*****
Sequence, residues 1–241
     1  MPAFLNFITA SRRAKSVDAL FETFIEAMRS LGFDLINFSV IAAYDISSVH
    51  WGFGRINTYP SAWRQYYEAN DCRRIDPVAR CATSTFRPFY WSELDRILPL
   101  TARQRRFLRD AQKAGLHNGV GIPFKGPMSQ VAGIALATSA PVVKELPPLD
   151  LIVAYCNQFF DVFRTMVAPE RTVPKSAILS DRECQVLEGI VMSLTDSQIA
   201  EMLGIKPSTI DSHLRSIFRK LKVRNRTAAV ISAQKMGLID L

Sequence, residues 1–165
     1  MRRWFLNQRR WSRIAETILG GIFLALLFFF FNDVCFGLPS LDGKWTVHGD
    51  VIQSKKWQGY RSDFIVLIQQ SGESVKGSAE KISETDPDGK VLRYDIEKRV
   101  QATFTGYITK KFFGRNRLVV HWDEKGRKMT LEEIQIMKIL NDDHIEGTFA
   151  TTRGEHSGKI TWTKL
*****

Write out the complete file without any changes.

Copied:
Sequence, residues 1–241
     1  MPAFLNFITA SRRAKSVDAL FETFIEAMRS LGFDLINFSV IAAYDISSVH
    51  WGFGRINTYP SAWRQYYEAN DCRRIDPVAR CATSTFRPFY WSELDRILPL
   101  TARQRRFLRD AQKAGLHNGV GIPFKGPMSQ VAGIALATSA PVVKELPPLD
   151  LIVAYCNQFF DVFRTMVAPE RTVPKSAILS DRECQVLEGI VMSLTDSQIA
   201  EMLGIKPSTI DSHLRSIFRK LKVRNRTAAV ISAQKMGLID L

Sequence, residues 1–165
     1  MRRWFLNQRR WSRIAETILG GIFLALLFFF FNDVCFGLPS LDGKWTVHGD
    51  VIQSKKWQGY RSDFIVLIQQ SGESVKGSAE KISETDPDGK VLRYDIEKRV
   101  QATFTGYITK KFFGRNRLVV HWDEKGRKMT LEEIQIMKIL NDDHIEGTFA
   151  TTRGEHSGKI TWTKL